Purpose of the flight and payload description

EOSCOR was the acronym of Extended Observation of Solar Cosmic Radiation, a balloon-borne detector for measuring solar flare neutrons in the energy range 20 to 150 MeV. The instrument was designed at the Case Western Reserve University during late 1970's decade to take advantage of several long durations balloon flight systems under development at the time. This particular flight exploited a then novel concept developed by Vincent Lally at the National Center for Atmospheric Research known as RACOON that used conventional zero pressure balloons for long duration flights. The idea was that such a balloon could descend to a stable float altitude after sunset, without any ballast drop, and then return to its original float altitude after sunrise. Because the magnitude of the day-night altitude excursion is primarily determined by the difference in the infra-red radiation environments experienced by the balloon, Lally has christened this the RACOON (RAdiation Controlled ballOON) technique.

In the scheme at left we can see the distribution of the different components in the gondola (click to more detailed views of the detector itself).

EOSCOR was composed by two scintillators separated by a 1 meter time-of-flight (TOF) path. Neutrons incident on the detector produced protons via scatterings and interactions in the upper scintillator. TOF is then used to discriminate the slower moving proton recoils from the copious relativistic Compton electrons generated by the atmospheric and cosmic gamma-radiation. Complete protection against data contamination by charged particle induced events is provided by veto counters placed above the upper scintillator and below the lower scintillator. The energy loss in the upper scintillator and the proton's velocity (as determined from the TOF measurement) were combined to give the energy of the proton recoil. Solar neutron events were then characterized by an increase in the neutron counting rate over the atmospheric background, correlated in time with a flare. Since the gondola orientation and the position of the sun were known, the incident neutron energy could be determined from the measured proton energy by simple scattering kinematics.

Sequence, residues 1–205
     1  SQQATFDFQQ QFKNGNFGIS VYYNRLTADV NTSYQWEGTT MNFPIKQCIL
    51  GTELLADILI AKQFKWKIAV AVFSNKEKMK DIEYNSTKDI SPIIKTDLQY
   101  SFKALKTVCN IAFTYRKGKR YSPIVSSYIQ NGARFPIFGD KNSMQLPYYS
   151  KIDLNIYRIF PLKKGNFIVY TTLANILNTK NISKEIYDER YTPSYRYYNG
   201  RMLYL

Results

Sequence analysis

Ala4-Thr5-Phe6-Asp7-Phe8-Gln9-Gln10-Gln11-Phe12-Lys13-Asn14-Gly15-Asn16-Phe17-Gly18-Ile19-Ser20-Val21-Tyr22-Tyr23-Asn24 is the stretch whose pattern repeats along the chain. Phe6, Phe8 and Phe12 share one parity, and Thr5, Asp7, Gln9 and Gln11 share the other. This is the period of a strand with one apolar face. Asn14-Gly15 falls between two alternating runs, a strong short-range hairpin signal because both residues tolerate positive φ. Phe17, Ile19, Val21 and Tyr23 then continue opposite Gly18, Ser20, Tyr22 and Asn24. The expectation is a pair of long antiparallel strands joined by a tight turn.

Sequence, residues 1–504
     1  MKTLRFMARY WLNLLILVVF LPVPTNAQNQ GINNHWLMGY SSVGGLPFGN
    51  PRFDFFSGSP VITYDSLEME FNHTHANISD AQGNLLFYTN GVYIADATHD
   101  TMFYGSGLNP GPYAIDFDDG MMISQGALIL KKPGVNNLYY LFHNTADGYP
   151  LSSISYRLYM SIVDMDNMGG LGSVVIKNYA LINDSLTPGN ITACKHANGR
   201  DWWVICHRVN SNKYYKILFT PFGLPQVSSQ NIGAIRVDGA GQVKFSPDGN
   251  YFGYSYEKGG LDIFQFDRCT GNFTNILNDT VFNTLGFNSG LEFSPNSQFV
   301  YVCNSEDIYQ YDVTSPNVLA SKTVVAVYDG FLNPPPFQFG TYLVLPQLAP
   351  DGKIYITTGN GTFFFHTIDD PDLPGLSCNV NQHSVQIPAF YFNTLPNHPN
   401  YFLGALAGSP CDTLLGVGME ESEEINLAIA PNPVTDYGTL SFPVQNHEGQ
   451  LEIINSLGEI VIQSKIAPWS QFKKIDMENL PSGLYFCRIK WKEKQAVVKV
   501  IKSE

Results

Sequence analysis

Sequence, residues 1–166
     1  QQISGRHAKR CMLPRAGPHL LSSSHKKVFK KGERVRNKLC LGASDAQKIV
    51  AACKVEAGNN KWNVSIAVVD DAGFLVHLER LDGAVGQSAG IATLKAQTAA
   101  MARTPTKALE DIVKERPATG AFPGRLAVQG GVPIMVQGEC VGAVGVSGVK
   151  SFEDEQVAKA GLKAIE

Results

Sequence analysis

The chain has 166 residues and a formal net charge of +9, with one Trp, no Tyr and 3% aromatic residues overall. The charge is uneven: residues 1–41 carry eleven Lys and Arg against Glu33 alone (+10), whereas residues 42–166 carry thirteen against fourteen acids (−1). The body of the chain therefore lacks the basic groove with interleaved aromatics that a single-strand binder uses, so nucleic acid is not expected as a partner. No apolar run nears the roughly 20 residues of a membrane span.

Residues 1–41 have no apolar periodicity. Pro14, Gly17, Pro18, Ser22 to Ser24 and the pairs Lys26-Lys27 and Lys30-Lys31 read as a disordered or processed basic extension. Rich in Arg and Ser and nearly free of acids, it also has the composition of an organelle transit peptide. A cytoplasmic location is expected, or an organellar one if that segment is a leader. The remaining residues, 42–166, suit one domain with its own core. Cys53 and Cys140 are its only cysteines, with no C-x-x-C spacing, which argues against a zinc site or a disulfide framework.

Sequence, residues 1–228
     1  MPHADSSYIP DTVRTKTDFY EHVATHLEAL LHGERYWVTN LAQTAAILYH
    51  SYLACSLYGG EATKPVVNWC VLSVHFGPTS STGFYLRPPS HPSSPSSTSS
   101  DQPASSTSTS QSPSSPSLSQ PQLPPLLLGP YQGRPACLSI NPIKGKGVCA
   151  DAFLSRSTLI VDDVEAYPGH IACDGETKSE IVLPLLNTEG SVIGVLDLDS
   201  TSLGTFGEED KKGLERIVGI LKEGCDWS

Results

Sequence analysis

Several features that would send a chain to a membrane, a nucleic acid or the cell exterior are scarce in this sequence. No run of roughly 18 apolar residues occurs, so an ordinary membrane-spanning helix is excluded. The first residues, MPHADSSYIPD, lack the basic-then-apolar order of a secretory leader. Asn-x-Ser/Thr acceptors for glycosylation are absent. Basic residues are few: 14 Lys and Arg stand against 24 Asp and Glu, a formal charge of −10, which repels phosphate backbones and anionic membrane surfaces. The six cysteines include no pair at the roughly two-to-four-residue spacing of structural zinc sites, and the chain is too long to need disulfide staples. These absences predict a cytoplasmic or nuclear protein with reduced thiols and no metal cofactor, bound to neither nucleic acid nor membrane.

Data was processed on an event by event basis by an on-board microcomputer based on an M6800 microprocessor. The microcomputer also performed a high degree of data compression which was necessary to maximize the use of the low data rate telemetry transmission through the GOES and METEOSAT satellites.

Power for the system was provided by silicad batteries, kept continuously charged during the day by an array of solar panels. The average power consumption of the detector and associated electronics was 80 Watts. As the EOSCOR detector was meant to operate during the day, no power was needed at night except to provide 3 Watts of "stay alive" power for the microcomputer program memory and occasionally to power internal heaters whenever the payload passed over a particularly cold cloud deck.